Ordering in Mandarin: A Guide to Chinese Menu Terms and Phrases HSK3-HSK4

Navigating a Chinese menu can be daunting, especially if you need to familiarize yourself with the language. For travelers and expatriates alike, understanding the basics of Mandarin Chinese can transform a potentially confusing dining experience into an enjoyable and authentic culinary adventure. This guide will introduce you to essential Mandarin terms and phrases commonly found on Chinese menus, helping you order food and explore the rich diversity of Chinese cuisine.

Getting Started: Basic Terms

Cuisines (菜系 Càixì)

  • Sichuan (四川 Sìchuān)
  • Cantonese (广东 Guǎngdōng)
  • Hunan (湖南 Húnán)
  • Shandong (山东 Shāndōng)

Courses (菜品 Càipǐn)

  • Appetizer (开胃菜 Kāiwèicài)
  • Main course (主菜 Zhǔcài)
  • Soup (汤 Tāng)
  • Dessert (甜点 Tiándiǎn)

Ingredients (食材 Shícái)

  • Pork (猪肉 Zhūròu)
  • Beef (牛肉 Niúròu)
  • Chicken (鸡肉 Jīròu)
  • Fish (鱼 Yú)
  • Vegetables (蔬菜 Shūcài)

Cooking Methods (烹饪方法 Pēngrèn fāngfǎ)

  • Stir-fried (炒 Chǎo)
  • Steamed (蒸 Zhēng)
  • Boiled (煮 Zhǔ)
  • Fried (炸 Zhá)

Essential Phrases for Ordering

“I would like…” (我想要… Wǒ xiǎng yào…)

This phrase is a polite way to start your order. For instance, “我想要鱼” (Wǒ xiǎng yào yú) means “I would like fish.”

“What do you recommend?” (你推荐什么? Nǐ tuījiàn shénme?)

Asking for recommendations is a great way to try dishes that are popular or special to the restaurant.

“Is this spicy?” (这个辣吗? Zhège là ma?)

If you’re sensitive to spice, this question is crucial. Many Chinese dishes, especially in Sichuan cuisine, are known for their heat.

“Can I have this without…” (可以不放…吗? Kěyǐ bù fàng… ma?)

If you have dietary restrictions or preferences, this phrase allows you to request a dish without a particular ingredient.

A table for…” (…位 Wèi)

When entering a restaurant, use this to indicate the number of people in your party. For example, “两位” (Liǎng wèi) means “a table for two.”

Understanding Menu Sections

Cold Dishes (凉菜 Liángcài)

Often served as appetizers, these dishes range from pickled vegetables to cold meats.

Hot Dishes (热菜 Rècài)

The central part of the menu features various meat, seafood, and vegetable dishes cooked in different styles.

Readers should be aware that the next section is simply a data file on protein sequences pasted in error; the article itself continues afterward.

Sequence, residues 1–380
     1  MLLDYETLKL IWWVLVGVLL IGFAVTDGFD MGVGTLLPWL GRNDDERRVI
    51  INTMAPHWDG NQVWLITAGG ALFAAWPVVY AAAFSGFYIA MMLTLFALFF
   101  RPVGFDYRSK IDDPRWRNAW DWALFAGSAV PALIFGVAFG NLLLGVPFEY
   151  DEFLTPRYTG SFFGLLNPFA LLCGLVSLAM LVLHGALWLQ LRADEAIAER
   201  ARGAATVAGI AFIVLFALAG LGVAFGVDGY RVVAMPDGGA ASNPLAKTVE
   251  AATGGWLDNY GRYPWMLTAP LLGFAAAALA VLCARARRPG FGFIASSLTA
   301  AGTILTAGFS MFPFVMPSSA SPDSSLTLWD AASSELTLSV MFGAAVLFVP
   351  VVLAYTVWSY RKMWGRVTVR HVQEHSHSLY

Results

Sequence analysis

Rice and Noodles (米饭和面条 Mǐfàn hé miàntiáo)

Staples in Chinese cuisine are often ordered to accompany the main dishes.

Beverages (饮料 Yǐnliào)

This section offers drinks from traditional teas to soft drinks to complement your meal.

Specials (特色菜 Tèsè cài)

These are usually the restaurant’s signature dishes or seasonal specials.

Dining Etiquette and Tips

  • Sharing is customary: Chinese meals are typically served family-style, with everyone sharing dishes placed in the center of the table.
  • Use of chopsticks: Familiarize yourself with basic chopstick etiquette, such as not sticking them vertically into a rice bowl.
  • Tipping practices: Tipping is not customary in China and can sometimes be rude.


Ordering in Mandarin can enrich your dining experience in China, allowing you to explore an array of flavors and regional specialties. You can order quickly and show respect and appreciation for the local culture by mastering a few key phrases and terms. So next time you find yourself in a Chinese restaurant, take a moment to try out your Mandarin skills – you might discover your new favorite dish!


Q: Do I need to speak fluent Mandarin to order food in China?

A: No, fluent Mandarin is not necessary. As described in the article, knowing basic menu terms and phrases can help you navigate most menus and make fundamental orders.

Q: How important is it to specify if I want a dish to be less spicy?

A: Critical, especially in regions known for spicy cuisine like Sichuan. If you’re sensitive to spice, always ask if a dish is spicy and request a milder version.

Q: Is it common to find English translations on menus in China?

A: Many restaurants in larger cities and tourist areas offer English-language menus. However, English menus may be rare in smaller towns or local eateries, making basic Mandarin knowledge very helpful.

Q: Can I ask for utensils besides chopsticks in a traditional Chinese restaurant?

A: Yes, you can request utensils like spoons or forks, and most restaurants will accommodate your request. However, using chopsticks is a valued part of the dining experience in China.

Q: Should I tip the waitstaff in China?

A: Tipping is not customary in China and can sometimes be rude. It’s best to follow local practices and refrain from tipping.

Q: How do I indicate dietary restrictions or allergies when ordering?

A: Use the phrase “可以不放…吗? (Kěyǐ bù fàng… ma?)” followed by the ingredient you wish to avoid. Learning the Mandarin words for common allergens or dietary restrictions is also helpful.

Q: Is it necessary to order rice or noodles with every meal?

A: While rice and noodles are staples in Chinese cuisine, ordering them with every meal is optional. You can choose dishes according to your preference and appetite.

Q: How do I ask for the check-in at a Chinese restaurant?

A: To ask for the check, you can say “买单 (Mǎidān)” or signal to the waiter and make a writing gesture.

Q: Is it rude to leave leftovers on the plate in China?

A: It’s generally acceptable to leave some leftovers, as finishing every bit of food on your plate can sometimes imply that you weren’t provided enough food.

Q: Are there any specific phrases to show appreciation for the meal?

A: Saying “这个很好吃 (Zhège hěn hào chī),” meaning “This is very delicious” is an excellent way to show appreciation. You can also say “谢谢 (Xièxiè),” which means “thank you.”

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